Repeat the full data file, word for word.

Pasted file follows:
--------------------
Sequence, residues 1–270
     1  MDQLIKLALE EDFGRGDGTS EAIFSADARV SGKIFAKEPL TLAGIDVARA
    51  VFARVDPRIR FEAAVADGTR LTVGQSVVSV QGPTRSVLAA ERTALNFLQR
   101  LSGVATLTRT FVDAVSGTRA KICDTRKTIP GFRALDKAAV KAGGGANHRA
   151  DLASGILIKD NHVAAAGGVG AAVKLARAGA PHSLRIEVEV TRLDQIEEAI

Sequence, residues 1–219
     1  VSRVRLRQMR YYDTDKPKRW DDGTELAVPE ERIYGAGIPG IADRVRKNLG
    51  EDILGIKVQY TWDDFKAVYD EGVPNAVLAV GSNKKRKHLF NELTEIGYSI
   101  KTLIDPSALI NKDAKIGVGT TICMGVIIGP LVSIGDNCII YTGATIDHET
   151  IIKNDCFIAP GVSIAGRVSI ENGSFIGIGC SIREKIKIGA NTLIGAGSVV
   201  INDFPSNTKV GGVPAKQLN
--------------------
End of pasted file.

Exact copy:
Sequence, residues 1–270
     1  MDQLIKLALE EDFGRGDGTS EAIFSADARV SGKIFAKEPL TLAGIDVARA
    51  VFARVDPRIR FEAAVADGTR LTVGQSVVSV QGPTRSVLAA ERTALNFLQR
   101  LSGVATLTRT FVDAVSGTRA KICDTRKTIP GFRALDKAAV KAGGGANHRA
   151  DLASGILIKD NHVAAAGGVG AAVKLARAGA PHSLRIEVEV TRLDQIEEAI

Sequence, residues 1–219
     1  VSRVRLRQMR YYDTDKPKRW DDGTELAVPE ERIYGAGIPG IADRVRKNLG
    51  EDILGIKVQY TWDDFKAVYD EGVPNAVLAV GSNKKRKHLF NELTEIGYSI
   101  KTLIDPSALI NKDAKIGVGT TICMGVIIGP LVSIGDNCII YTGATIDHET
   151  IIKNDCFIAP GVSIAGRVSI ENGSFIGIGC SIREKIKIGA NTLIGAGSVV
   201  INDFPSNTKV GGVPAKQLN